TONY JONES: It’s going to seem passing strange to most observers, as it does to me, I must say.
But let me just move on because you’ve actually called for a Royal Commission. If there were a Royal Commission, would this whistleblower, the insider who seems to know so much be prepared to talk at the Royal Commission, to give evidence and to lay out all of this in front of the public?
PETER FOX: Tony, I don’t know. I was directed not to contact them again. My last contact with her was – she was virtually in tears when I handed her a copy of a statement and told her to hang on to it and that was my last contact with her. I don’t mind saying that there was a lot more that was said at that meeting that I won’t say here. I think that it is best left for another forum.
But to say that that was a very difficult moment and something that quite saddened me as an investigator of well over 30 years in this job.
TONY JONES: But do you believe that a Royal Commission is necessary for people like this to be able to come forward. Is that the only environment in which it would really work?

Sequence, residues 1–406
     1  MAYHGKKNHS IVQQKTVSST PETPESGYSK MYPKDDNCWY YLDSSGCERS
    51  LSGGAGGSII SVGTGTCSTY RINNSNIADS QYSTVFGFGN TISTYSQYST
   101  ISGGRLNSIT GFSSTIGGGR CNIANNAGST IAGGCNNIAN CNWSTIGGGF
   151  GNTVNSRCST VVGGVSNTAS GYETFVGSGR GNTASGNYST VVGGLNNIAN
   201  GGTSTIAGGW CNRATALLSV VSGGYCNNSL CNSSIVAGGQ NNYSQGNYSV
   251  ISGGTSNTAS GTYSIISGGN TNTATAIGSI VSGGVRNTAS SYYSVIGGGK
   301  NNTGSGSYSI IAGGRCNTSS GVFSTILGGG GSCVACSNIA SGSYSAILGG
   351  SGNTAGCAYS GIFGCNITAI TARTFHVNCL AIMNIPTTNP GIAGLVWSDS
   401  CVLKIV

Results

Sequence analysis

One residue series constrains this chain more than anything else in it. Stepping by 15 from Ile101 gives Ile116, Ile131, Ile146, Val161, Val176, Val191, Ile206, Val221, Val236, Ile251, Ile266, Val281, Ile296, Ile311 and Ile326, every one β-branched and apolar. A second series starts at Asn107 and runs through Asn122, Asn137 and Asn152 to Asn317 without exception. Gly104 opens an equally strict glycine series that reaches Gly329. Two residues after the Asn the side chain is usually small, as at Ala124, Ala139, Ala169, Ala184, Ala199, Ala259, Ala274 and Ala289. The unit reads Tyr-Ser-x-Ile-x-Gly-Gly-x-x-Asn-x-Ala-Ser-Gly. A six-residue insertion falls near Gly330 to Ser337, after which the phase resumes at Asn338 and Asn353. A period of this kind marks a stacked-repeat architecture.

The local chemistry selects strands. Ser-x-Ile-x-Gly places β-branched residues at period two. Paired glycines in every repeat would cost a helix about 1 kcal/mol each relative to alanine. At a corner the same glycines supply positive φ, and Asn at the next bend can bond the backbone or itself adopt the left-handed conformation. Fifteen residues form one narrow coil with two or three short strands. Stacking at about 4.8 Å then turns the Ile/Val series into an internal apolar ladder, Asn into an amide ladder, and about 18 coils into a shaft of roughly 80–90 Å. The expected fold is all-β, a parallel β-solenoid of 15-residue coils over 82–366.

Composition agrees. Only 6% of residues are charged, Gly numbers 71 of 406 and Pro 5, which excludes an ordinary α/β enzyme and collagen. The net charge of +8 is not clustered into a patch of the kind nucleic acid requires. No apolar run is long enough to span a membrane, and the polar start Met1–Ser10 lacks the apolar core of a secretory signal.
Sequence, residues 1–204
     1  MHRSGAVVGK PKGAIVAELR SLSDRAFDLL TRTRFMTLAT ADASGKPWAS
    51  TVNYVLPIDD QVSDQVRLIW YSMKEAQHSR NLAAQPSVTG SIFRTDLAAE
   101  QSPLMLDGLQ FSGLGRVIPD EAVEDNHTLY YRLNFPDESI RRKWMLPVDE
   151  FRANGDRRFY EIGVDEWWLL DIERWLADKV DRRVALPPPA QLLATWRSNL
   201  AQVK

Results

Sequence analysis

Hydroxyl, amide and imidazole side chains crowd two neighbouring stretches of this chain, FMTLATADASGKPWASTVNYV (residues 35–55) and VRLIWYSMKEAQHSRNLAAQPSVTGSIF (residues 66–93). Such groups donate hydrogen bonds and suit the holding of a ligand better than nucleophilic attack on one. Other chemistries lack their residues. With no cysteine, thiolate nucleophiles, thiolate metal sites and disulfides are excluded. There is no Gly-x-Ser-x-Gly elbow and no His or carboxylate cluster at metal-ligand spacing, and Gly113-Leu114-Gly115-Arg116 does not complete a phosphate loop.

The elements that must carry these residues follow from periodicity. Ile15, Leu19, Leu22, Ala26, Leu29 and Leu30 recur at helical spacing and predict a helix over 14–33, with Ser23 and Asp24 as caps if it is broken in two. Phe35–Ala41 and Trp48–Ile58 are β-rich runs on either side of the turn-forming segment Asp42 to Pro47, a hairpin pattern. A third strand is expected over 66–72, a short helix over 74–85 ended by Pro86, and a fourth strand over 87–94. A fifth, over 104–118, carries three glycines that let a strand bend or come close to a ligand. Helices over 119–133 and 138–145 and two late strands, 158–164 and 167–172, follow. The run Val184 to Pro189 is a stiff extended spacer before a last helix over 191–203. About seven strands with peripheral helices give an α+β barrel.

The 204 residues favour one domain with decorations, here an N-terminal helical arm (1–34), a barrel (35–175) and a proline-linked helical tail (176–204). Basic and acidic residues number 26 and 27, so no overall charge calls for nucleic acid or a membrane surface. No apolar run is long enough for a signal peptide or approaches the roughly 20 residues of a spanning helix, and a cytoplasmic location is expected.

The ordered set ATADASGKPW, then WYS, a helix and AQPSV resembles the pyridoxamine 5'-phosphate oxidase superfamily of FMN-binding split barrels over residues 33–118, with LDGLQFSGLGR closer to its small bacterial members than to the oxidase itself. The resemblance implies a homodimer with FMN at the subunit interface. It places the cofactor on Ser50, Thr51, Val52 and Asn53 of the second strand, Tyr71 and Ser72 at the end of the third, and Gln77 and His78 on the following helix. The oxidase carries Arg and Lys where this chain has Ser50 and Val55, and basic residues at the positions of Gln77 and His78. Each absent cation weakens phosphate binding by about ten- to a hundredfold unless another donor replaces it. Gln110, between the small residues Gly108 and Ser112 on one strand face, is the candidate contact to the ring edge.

PETER FOX: There’s so much that the police force can’t do. We don’t have power. I have gone to other government departments, I’ve gone to the Ombudsman over aspects of it. Still today there are some antiquated rules and laws where priests, for argument’s sake, that have had allegations of abusing and molesting children, that is kept by the bishop.
If it’s a school teacher in the Catholic school system, it goes to a different department. But the bishops still retain that. I don’t know why. There’s no obligation on them to pass that information on to police. And I don’t think that’s a secret.